The Bolshevik party had the usurper's role thrust upon it. It had become impossible for it to live up to its principle once the working class had disintegrated. What could or should the party have done under these circumstances? Should it have thrown up its hands and surrendered power? A revolutionary government which has waged a cruel and devastating civil war does not abdicate on the day after its victory and does not surrender to its defeated enemies and to their revenge even if it discovers that it cannot rule in accordance with its own ideas and that it no longer enjoys the support it commanded when it entered the civil war. The Bolsheviks lost that support not because of any clear-cut change in the minds of their erstwhile followers, but because of the latter's dispersal. They knew that their mandate to rule the republic had not been properly renewed by the working class - not to speak of the peasantry. But they also knew that they were surrounded by a vacuum... [2]
Deutchser also describes how one-party rule became incompatible with the toleration of factions within the party (how else to stop opponents of Bolshevism from simply signing up as members?), the ban on factions became incompatible with real internal democracy and freedom of dissent (what is collective opposition to current policy but the act of a faction?), and the suppression of dissent led directly to first bureaucratic and then one-person dictatorship:
The single-party system was a contradition in terms: the single party itself could not remain a party in the accepted sense... The party maintained its discipline, not its democratic freedom. If the Bolsheviks were now to engage freely in controversy, if their leaders were to thrash out their differences in public, and if the rank and file were to criticize the leaders and their policy, they would set an example to non-Bolsheviks... No body politic can be nine-tenths mute and one-tenth vocal. Having imposed silence on non-Bolshevik Russia, Lenin's party had in the end to impose silence on itself as well. [3]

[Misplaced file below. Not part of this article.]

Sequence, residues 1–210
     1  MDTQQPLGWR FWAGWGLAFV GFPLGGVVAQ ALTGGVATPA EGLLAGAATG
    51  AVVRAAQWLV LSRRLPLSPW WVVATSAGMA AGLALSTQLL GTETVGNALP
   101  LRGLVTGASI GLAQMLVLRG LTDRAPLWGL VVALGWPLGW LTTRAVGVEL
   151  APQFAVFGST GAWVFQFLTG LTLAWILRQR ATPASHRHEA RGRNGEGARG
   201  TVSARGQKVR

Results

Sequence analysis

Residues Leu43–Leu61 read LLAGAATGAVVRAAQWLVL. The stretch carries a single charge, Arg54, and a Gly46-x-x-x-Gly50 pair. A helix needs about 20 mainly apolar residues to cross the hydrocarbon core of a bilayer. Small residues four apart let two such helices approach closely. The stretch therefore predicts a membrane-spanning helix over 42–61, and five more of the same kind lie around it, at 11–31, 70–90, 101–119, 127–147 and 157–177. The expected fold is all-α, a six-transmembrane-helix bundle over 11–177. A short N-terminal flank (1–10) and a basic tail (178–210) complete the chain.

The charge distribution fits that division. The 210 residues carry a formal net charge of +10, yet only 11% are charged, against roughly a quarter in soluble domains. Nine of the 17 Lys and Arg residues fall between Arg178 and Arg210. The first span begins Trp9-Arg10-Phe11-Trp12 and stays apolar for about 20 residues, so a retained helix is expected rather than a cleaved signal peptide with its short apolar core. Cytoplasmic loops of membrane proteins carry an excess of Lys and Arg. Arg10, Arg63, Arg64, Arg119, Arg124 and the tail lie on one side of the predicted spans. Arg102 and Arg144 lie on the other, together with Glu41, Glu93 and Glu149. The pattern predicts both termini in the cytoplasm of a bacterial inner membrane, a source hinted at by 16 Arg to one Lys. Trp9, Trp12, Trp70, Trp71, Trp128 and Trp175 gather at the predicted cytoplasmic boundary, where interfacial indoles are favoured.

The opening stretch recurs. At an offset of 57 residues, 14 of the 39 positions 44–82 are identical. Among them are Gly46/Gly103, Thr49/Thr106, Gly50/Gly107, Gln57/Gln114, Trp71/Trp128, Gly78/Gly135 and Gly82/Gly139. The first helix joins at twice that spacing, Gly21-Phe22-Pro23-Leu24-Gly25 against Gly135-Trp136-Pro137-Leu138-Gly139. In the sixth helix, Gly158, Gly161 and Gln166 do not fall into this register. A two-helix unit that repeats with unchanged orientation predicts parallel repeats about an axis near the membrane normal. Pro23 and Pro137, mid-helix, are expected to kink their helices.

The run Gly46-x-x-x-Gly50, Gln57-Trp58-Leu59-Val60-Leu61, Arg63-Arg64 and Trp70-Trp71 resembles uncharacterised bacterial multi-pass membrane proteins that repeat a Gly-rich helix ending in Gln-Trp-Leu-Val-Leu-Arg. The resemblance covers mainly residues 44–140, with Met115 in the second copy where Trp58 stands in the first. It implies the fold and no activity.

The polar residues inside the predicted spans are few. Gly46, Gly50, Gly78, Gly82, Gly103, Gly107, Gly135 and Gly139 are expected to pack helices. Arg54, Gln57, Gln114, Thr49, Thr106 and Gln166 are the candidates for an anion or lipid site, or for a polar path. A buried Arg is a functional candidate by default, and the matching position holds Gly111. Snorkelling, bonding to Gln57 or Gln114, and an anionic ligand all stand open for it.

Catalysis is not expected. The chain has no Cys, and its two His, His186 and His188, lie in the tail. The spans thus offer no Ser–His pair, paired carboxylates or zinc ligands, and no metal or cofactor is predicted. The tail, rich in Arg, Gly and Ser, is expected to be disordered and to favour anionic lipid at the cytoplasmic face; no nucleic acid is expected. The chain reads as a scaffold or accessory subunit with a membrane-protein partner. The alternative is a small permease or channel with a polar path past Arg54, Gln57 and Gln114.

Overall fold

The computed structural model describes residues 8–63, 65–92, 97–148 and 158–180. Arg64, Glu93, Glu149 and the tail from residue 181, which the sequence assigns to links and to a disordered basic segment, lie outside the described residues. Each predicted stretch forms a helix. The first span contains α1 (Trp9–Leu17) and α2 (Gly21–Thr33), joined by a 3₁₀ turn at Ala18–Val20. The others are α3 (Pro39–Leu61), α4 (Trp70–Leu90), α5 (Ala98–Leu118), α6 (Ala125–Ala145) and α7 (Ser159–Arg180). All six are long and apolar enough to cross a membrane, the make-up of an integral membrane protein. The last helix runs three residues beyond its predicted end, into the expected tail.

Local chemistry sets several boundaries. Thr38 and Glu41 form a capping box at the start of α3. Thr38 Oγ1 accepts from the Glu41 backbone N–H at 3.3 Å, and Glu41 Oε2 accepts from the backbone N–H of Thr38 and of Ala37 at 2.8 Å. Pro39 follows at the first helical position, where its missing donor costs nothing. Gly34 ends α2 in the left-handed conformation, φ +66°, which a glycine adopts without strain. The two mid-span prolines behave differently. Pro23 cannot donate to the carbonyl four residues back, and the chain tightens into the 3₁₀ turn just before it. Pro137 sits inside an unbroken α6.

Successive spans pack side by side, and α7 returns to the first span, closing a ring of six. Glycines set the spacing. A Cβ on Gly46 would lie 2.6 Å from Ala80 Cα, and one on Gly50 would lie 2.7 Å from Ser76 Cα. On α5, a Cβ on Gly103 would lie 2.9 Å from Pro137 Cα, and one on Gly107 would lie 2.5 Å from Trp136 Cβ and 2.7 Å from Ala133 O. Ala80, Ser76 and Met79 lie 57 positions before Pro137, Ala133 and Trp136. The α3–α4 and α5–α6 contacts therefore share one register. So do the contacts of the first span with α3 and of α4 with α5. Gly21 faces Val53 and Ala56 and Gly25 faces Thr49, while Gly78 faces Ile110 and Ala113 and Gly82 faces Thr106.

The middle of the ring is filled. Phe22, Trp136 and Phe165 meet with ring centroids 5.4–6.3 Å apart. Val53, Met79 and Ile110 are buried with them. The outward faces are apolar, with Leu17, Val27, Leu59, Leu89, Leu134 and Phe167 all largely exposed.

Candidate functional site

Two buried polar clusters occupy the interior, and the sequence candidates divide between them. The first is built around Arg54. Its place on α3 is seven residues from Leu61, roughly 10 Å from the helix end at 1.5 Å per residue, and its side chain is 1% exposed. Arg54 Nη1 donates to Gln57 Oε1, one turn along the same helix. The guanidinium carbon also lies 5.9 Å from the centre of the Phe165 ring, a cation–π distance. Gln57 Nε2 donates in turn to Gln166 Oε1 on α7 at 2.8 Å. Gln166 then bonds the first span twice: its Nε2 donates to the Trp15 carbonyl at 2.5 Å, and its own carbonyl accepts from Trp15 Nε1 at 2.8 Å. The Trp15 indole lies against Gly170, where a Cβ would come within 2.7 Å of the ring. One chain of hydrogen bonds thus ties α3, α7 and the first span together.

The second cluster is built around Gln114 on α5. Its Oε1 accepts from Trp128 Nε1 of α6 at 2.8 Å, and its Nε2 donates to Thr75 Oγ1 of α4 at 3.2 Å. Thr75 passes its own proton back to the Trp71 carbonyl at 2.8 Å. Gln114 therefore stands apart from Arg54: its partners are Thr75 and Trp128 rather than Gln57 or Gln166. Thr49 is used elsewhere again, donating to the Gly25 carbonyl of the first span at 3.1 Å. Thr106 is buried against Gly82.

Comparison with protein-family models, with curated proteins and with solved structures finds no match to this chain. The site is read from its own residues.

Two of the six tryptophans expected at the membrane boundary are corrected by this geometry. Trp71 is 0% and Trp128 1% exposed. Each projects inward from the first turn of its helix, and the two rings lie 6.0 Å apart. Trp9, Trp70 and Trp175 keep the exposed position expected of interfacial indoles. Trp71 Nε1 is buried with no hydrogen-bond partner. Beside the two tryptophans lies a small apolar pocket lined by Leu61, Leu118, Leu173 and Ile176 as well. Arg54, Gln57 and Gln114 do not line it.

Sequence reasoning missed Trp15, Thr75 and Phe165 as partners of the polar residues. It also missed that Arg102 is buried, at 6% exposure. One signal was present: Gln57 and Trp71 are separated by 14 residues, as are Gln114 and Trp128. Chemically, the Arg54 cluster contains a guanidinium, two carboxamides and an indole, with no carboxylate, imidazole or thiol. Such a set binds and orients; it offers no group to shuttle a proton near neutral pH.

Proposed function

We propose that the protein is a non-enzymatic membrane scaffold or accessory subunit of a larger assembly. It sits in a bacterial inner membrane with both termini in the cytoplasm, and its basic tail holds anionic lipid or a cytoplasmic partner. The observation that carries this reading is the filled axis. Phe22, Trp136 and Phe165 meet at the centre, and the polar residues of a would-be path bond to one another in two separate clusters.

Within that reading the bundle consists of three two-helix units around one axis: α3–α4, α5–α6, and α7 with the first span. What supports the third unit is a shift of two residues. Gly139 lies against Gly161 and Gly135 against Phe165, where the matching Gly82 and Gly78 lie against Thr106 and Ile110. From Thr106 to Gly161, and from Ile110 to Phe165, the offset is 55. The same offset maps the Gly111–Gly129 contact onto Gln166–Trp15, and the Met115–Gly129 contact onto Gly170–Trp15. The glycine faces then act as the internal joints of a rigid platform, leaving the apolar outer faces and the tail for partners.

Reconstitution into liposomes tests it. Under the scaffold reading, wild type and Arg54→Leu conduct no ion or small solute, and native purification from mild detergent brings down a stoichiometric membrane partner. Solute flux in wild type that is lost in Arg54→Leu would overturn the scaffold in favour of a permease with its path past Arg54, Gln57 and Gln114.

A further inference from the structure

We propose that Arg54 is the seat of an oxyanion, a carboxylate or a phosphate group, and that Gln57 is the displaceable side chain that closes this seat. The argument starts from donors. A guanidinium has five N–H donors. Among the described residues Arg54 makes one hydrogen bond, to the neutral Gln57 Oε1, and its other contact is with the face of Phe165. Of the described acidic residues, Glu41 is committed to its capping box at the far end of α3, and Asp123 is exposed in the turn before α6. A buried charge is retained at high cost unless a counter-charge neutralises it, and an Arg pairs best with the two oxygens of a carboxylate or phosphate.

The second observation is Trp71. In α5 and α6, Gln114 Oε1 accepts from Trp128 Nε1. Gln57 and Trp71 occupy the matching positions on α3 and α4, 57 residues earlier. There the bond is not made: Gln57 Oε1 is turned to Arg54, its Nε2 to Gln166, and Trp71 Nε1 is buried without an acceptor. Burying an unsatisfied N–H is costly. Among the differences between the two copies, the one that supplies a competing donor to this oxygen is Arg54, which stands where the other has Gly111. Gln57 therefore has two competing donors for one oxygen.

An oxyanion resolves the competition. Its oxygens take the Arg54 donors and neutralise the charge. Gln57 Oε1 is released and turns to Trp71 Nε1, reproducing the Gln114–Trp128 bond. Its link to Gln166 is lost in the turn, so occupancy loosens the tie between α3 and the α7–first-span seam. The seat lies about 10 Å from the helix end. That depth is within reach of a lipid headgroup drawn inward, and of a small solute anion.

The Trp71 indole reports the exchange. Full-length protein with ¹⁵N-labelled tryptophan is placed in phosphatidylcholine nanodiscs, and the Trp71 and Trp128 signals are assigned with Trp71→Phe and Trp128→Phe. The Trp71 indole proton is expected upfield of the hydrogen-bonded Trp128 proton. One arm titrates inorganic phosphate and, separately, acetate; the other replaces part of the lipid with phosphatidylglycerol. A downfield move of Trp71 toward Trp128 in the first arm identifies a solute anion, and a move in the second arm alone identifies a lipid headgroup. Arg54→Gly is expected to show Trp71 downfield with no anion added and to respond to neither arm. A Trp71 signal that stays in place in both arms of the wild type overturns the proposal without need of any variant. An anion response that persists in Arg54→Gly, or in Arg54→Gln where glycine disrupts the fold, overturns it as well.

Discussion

Yet, even after the civil war, "the logic of the single-party system might... never have become explicit, or the system might even have been undone by the growth of a workers' democracy, if the whole history of the Soviet Union, encircled and isolated in its age-old poverty and backwardness, had not been an almost uninterrupted sequence of calamities." [4]

Deutscher correctly blames material circumstances for Bolshevism's degeneration without denying that, in the famous line of Victor Serge, the "germ of all Stalinism" was (with "a mass of other germs") there from the beginning. He acknowledges that the party's "moral self-reliance, its superiority, its sense of revolutionary mission, its inner discipline, and its deeply ingrained conviction that authority was indispensible to proletarian revolution - all these formed the authoritarian strands in Bolshevism" [5], strands which enabled 1917's vanguard of the working class to become its slave-driver and enforcer of famine by 1928 without a major split or the eruption of widespread rank-and-file revolt. (Trotsky's supporters were crushed mostly without blood; the massacre of the Bolshevik Old Guard came later, in the 1930s.)

An understanding of this history in all of its contradictions is essential for anyone wanting to pursue the kind of revolutionary project at which the Bolshevik Party had more success than anyone before or since. But I do not think too many lessons can be drawn from the simple fact that the ability and willingness to seize power is a double-edged sword. Humanity and the Earth desperately need fundamental change, and revolution is a violent act - this is something with which we just have to deal.